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Life | Review

Or Something Like It: Corbijn Resurrects Dean Without a Cause

Anton Corbijn Life PosterFollowing his 2014 John Le Carre adaptation A Man Most Wanted, director Anton Corbijn delves into the life of another desired individual, cherished cinematic icon James Dean with Life. Focusing on the behind-the-scenes relationship between Dean and photographer Dennis Stock during the creation of a belabored, but eventually fruitful 1955 photo shoot for the titular magazine, Luke Davies’ screenplay falls short of showcasing any kind of notable bond potentially worth documenting.

Two artists come together for what would eventually become a particularly notable moment for them both and Corbijn does a fine job of catching the significance of changing times. Dean exhibits the sort of Beat sensibility that had revived a new generation’s interest in literature the decade prior, and Corbijn catches him just at the cusp of the stardom that would possess the public’s attention. But neither persona manages to be depicted with any real zest or charisma, and Davies’ screenplay never manages to delve deeper than the usual sort of superficial male bonding, here built on mutual consternation of the severe limitations of both their professions.

Dennis Stock (Robert Pattinson) is a New York transplant in 1950s Los Angeles, looking to build his portfolio as a photographer. Tired of the empty-headed red carpet cavalcade, Stock tries to convince his boss (Joel Edgerton) at Magnum Photos to allow him side assignments of his choosing. A chance encounter at a party thrown by Nicholas Ray allows Stock to meet up-and-coming star James Dean (Dane DeHaan), who has recently headlined Elia Kazan’s East of Eden (1955), though the film hasn’t premiered yet. Immediately seeing something captivating in the young star, Stock convinces his boss to let him follow Dean for a possible profile in Life magazine. What transpires is a portrait of the burgeoning relationship between these men during the creation of stock’s 1955 photo shoot.

Even with Corbijn’s wisely drawn parameters of mapping out a figure like Dean, we still never get too close. Lazy, and a bit self-possessed, he’s presented as the type of celebrity who just had the ‘it’ factor, like Marilyn Monroe. Although he’s got the mannerisms, the mumbling, and is styled to resemble the tragic actor, Dane DeHaan never seems to inhabit the essence of Dean, or whatever statements like that truly mean. Much like Michelle Williams’ playing Marilyn Monroe in My Week With Marilyn (2011), DeHaan is best served when at rest and when photographed from certain angles—but usually, we’re constantly reminded we are watching a talented actor doing his best to portray Dean. But DeHaan is much more interesting as Lucien Carr in the 2013 John Krokidas film Kill Your Darling, set a decade prior in an episode of obscure drama from the Beat set.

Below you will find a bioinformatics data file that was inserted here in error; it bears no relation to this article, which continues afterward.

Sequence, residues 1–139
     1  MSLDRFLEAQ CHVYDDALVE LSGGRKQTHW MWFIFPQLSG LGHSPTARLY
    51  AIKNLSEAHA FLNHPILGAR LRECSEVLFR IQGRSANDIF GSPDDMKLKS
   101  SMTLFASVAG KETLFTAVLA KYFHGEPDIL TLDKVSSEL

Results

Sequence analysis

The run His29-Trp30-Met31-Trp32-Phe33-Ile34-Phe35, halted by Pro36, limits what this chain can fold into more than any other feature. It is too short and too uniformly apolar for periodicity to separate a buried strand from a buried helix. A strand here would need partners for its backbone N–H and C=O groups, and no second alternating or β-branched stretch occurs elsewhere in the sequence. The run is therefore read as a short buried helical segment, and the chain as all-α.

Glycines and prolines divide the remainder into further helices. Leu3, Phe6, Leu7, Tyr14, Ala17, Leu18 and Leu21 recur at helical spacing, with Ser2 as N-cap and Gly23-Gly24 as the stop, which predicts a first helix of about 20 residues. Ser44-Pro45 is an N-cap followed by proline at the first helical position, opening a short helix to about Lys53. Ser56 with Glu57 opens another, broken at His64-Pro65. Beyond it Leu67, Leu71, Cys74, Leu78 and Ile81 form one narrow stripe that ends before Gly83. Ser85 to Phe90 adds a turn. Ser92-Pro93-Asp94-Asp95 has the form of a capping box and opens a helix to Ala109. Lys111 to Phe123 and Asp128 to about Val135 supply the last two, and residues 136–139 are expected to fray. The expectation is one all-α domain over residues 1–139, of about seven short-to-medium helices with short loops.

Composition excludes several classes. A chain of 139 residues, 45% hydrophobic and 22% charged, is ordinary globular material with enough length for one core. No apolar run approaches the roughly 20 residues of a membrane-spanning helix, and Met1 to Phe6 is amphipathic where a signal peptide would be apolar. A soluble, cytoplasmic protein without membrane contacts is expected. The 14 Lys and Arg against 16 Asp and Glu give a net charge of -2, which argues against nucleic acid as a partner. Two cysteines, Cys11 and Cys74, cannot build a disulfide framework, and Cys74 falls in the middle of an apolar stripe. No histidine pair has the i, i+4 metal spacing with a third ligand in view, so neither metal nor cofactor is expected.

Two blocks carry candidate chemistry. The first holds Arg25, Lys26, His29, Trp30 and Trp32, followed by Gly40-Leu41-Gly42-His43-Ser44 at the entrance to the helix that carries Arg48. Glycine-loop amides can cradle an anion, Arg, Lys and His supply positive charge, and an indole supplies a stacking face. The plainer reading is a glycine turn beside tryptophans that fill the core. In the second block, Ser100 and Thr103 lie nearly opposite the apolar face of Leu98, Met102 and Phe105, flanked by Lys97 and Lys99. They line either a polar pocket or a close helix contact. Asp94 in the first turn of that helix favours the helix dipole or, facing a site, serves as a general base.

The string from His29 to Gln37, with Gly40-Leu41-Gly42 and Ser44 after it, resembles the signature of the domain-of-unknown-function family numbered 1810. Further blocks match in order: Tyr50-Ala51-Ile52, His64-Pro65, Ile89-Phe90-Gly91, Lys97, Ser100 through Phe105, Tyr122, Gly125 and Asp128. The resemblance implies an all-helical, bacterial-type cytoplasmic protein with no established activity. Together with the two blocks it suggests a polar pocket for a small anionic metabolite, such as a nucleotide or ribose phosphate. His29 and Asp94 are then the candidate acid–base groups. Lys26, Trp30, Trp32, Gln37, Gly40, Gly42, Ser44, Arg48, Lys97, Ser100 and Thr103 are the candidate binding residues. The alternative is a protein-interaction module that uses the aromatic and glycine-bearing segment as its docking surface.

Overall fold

Pattinson is an interesting juxtaposition here only because it sometimes seems Corbijn would have been better served to have him play Dean, as his own celebrity status represents a new horizon, the modern equivalent of star fucking in the Hollywood system. But if we walk away feeling Dean is still an enigmatic figure, Dennis Stock comes across as mildly sycophantic and rather banal personality, swirled up in the kind of unplanned family woes plaguing too many overzealous youths to bother mentioning.

Corbin thankfully avoids drawing the period studio system as caricature (at least compared to something like Trumbo), though we only have Ben Kingsley as a rather uptight but menacing Jack Warner to go by. Here, the studio magnate isn’t a tyrant but a businessman with certain expectations about his ‘property,’ something Dean rebelled against from the outset, and might have been something much more interested to focus on. A bunch of other notables show up, portrayed by performers who bear, at best, passing resemblance to names like Natalie Wood, Nicholas Ray, or Eartha Kitt—but Corbijn’s merely trying to paint a likeness, which more or less succeeds as far as these types of exercises go.

Danish DoP Charlotte Bruus Chistensen (the favored cinematographer of Thomas Vinterberg) does a handsome job of capturing the period with the film’s overly saturated palette, setting us up for a nostalgic twinge. To be sure, Life presents itself as more polished than Rob Epstein and Jeffrey Friedman’s Howl (2010), starring James Franco (who has also portrayed Dean) as Beat poet Allen Ginsberg during his obscenity trial for the titular poem, if only because Corbijn manages to avoid a certain staginess. But it lacks the same sense of persona Corbijn was able to obtain in his debut, Control, a beautifully shot black and white odyssey into the tragic life of Joy Division singer Ian Curtis.

Considering Corbijn’s noted early career as a photographer, one would assume Stock to be an easy cipher, but while Pattinson’s given all the right lines to utter about a man pursuing his dreams, it’s never quite apparent, instead flatly drawn in interactions with boss Joel Edgerton (in a thankless role). Those unfamiliar with any of Dean’s three electric performances will most likely seem confused by what all the fuss was about.


Los Angeles based Nicholas Bell is's Chief Film Critic and covers film festivals such as Sundance, Berlin, Cannes and TIFF. He is part of the critic groups on Rotten Tomatoes, The Los Angeles Film Critics Association (LAFCA), FIPRESCI, the Online Film Critics Society (OFCS) and GALECA. His top 3 for 2023: The Beast (Bonello) Poor Things (Lanthimos), Master Gardener (Schrader). He was a jury member at the 2019 Cleveland International Film Festival.

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